A company called Freedom Concepts Laboratory introduced its new Liberty MkIX series of 80 percent 1911 frames at SHOT Show a couple of weeks ago.
The Liberty MkIX lineup consists of three models, all of which feature a full-length grip that accepts 8-round magazines:
- MkIX-G Government Model for a traditional 5″ slide
- MkIX-Gx Extended Model for a 5″ slide with a full length rail
- MkIX-O Officer Model for a traditional 4″ slide
The press release says each model is made from a proprietary blend of long strand, glass filled polymer. It’s manufactured into a complete receiver with a reusable jig and patent pending, heavy duty steel rail inserts, resulting in a frame that weighs 50 percent less than a standard 1911 and uses 40 percent less parts, with a patent-pending modular backstrap that captures the mainspring assembly. The reusable jig is sold separately from the frame kits.
The backstraps are available in different sizes, and the sides of the frame have “generous” scallop cuts, making operating the controls comfortable for shooters of all hand sizes, according to the company. In addition, each model is designed to accept 1913 rail accessories, and each features a rectangular trigger guard compatible with some Glock light rail accessories.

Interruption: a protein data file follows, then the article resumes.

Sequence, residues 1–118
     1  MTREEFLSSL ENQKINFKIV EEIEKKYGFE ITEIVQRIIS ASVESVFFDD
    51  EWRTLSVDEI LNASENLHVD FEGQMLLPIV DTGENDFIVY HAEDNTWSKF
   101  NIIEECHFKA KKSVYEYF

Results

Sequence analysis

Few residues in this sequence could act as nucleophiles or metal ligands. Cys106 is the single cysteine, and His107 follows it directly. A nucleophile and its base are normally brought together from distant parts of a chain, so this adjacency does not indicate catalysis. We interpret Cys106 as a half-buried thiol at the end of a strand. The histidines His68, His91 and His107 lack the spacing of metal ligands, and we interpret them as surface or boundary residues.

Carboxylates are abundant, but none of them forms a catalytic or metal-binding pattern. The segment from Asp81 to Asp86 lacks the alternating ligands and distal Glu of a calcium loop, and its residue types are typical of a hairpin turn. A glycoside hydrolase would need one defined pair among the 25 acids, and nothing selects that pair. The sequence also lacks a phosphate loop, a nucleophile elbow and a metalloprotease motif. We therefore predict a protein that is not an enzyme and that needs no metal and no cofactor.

Meanwhile, the Liberty MkIX is set up to be completely ambidextrous thanks to Freedom Concepts’ aftermarket 100 percent ambi kit available for $75. All Liberty frames come with a right-hand magazine release and conveniently accept standard 1911 thumb safeties and slide stops.
The individual Liberty MkIX 80 percent frames are priced at $139, but Freedom Concepts is also offering a “one box, one gun” firearm package that includes all the parts and kits you need to complete your build. That option is available at a $399 MSRP. Shipping begins in March, and it’ll be available exclusively at Brownells and GlockStore.
“FCL was formed to produce innovative, high quality firearm products that are within the reach of all consumers,” the company said in the presser. “We use cutting edge materials, combined with trend setting manufacturing techniques, to push the boundaries of performance.”
For more, go to liberty1911.com.
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